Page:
The Government’s Detectives
To Sir: The Washington public
has read with no small amount of interest the contributions of one
of your subscribers on the question of the work of the Secret Service
men at Buffalo. I know nothing whatever of Detective Gallagher,
except that he is from Chicago and said to be a protégé of Secretary
Gage. We of Washington do know of Detective George Foster and Detective
Sam Ireland. Foster is a politician from Upper Sandusky, Ohio. He
served in a menial position in the Ohio Legislature and came to
Washington to accept a position under the sergeant-at-arms of the
House in the Fifty-second Congress. The Upper Sandusky man had charge
of the negroes whose duty it was to clean the House side of the
building. He was what might be termed the boss janitor and gave
excellent satisfaction. With the advent of a Republican Congress,
Foster, being a Democrat, was compelled to look elsewhere for employment
and through the good offices of Senator Brice a place was made for
him in the Secret Service of the Treasury Department. George Foster
is a good fellow and is fully up to the Upper Sandusky standard
of intelligence and cleverness, but he never had any experience
as a detective beyond keeping an espionage on the scrubbers at the
Capitol and occasionally assisting the Town Marshal at Upper Sandusky.
Detective Sam Ireland is known to
Washington as a professional story teller [sic] and entertainer.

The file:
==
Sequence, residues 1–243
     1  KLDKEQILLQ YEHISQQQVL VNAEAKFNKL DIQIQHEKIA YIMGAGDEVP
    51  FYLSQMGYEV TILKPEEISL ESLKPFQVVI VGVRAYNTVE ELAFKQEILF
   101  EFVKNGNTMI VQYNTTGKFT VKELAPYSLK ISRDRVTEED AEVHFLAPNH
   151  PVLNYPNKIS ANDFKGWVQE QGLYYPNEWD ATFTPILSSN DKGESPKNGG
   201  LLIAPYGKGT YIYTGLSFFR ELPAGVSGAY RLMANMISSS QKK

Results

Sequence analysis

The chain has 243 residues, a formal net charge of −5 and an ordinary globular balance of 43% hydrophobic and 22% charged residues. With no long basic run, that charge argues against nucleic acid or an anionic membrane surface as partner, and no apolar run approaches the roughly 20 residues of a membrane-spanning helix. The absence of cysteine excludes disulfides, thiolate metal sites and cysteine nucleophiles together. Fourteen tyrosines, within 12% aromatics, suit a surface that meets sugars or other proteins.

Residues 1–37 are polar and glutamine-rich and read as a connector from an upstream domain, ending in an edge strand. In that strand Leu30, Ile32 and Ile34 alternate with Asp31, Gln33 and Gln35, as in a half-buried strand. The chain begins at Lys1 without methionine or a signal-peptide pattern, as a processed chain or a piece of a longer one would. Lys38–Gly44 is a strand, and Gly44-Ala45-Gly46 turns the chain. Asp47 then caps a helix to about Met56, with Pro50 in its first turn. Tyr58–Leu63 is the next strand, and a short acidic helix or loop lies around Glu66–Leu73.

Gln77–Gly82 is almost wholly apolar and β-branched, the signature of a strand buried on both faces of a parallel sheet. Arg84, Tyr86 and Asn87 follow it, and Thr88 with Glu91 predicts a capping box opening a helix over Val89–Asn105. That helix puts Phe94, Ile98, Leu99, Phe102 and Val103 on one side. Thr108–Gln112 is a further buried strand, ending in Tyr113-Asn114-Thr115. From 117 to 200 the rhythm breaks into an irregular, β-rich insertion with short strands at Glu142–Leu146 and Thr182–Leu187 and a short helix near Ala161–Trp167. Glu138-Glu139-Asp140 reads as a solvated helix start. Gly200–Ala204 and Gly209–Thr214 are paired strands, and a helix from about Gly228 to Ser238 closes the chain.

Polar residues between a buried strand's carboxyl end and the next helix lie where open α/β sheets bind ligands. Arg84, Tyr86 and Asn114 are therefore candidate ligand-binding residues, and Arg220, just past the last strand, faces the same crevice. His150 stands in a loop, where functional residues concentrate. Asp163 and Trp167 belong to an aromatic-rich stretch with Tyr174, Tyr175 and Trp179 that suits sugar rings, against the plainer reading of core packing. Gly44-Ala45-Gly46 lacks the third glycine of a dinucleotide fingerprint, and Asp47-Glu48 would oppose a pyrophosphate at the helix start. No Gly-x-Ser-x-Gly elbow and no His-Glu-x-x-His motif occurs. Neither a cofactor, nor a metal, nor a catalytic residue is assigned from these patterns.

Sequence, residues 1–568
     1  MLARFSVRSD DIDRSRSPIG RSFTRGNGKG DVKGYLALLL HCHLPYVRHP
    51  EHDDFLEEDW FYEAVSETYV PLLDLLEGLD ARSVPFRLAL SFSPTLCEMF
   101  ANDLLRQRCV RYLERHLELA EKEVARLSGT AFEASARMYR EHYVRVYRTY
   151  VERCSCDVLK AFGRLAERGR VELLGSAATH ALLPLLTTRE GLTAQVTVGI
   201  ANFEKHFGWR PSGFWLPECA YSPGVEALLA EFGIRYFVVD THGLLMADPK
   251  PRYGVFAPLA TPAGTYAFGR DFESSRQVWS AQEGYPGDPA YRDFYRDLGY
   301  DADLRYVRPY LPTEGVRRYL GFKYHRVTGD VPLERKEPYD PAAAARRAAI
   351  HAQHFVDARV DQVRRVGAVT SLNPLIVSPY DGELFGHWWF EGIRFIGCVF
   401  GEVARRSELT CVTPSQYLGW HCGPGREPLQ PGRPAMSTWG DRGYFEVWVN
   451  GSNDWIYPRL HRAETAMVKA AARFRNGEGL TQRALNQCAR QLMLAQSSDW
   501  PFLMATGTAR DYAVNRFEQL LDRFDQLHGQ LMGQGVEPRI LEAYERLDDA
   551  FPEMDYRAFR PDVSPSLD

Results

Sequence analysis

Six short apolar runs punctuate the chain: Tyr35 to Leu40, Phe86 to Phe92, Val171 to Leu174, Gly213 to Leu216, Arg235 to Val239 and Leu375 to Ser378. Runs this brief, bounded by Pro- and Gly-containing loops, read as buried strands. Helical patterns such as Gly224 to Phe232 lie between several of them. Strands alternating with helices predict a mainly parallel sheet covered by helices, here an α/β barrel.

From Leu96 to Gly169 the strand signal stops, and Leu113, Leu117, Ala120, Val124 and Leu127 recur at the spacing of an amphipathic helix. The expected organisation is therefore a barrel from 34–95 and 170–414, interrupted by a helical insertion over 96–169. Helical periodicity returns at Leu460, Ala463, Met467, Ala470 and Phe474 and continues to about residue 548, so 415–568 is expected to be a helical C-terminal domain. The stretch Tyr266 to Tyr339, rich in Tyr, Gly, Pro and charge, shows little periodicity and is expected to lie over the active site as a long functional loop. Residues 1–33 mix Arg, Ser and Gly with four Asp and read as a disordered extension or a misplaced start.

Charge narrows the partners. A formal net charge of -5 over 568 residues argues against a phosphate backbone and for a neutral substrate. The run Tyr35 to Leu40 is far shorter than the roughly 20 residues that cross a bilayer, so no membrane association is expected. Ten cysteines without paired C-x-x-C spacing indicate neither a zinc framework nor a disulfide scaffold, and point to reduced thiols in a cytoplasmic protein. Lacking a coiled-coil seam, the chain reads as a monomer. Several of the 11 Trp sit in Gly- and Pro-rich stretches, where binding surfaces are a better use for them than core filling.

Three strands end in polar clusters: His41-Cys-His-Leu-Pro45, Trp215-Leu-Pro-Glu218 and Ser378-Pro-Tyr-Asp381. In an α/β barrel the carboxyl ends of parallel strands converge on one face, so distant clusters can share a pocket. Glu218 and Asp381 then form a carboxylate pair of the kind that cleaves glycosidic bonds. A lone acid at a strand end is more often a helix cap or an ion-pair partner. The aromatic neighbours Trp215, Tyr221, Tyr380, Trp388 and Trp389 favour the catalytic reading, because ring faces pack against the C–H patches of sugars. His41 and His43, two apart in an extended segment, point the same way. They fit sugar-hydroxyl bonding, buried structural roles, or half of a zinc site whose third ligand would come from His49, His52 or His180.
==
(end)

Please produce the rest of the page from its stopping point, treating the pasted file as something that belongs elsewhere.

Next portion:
He has an immense fund of stories and is no slouch of an actor.
Perhaps the best joke in his répertoire is his story of his appointment
to a place in the Secret Service. Ireland is a Kentuckian and, like
Foster, was a Democrat in politics at the time of his appointment.
He has Mr. Carlisle to thank for his elevation to his place among
the sleuths of the Government service, and, notwithstanding Ireland’s
penchant for telling funny things, he was in his present position
for almost one entire month before he took his friends into his
confidence and permitted them to share the humor of the thing.
Chief Wilkie, the successor of Mr.
Hazen, who really made a creditable showing during his incumbency
of the position, was a Chicago newspaper man and, like Mr. Vanderlip,
who recently quit the Government service by request, is a protégé
of Secretary Gage. Wilkie is a great sleuth in his annual reports
and has “Foxey Quiller” beaten to a standstill. It may be that the
President’s life could not have been saved by more efficient espionage,
but it is quite certain that when he took his chances with the crowds
at the Buffalo Exposition he was not protected by the sort of detective
talent the Chief Executive of the United States should have on such
occasions. I have never been a great admirer of the system of civil
service reform as it is administered by our Government, but believe
the spoilsmen should be kept out of the Secret Service. It is a
too important branch of the Government service to be trifled with
in an Upper Sanduskyish manner. Is it not the duty of President
Roosevelt to see to it that the abuses in this department are corrected?
C. A. R.
D. C., Sept. 30.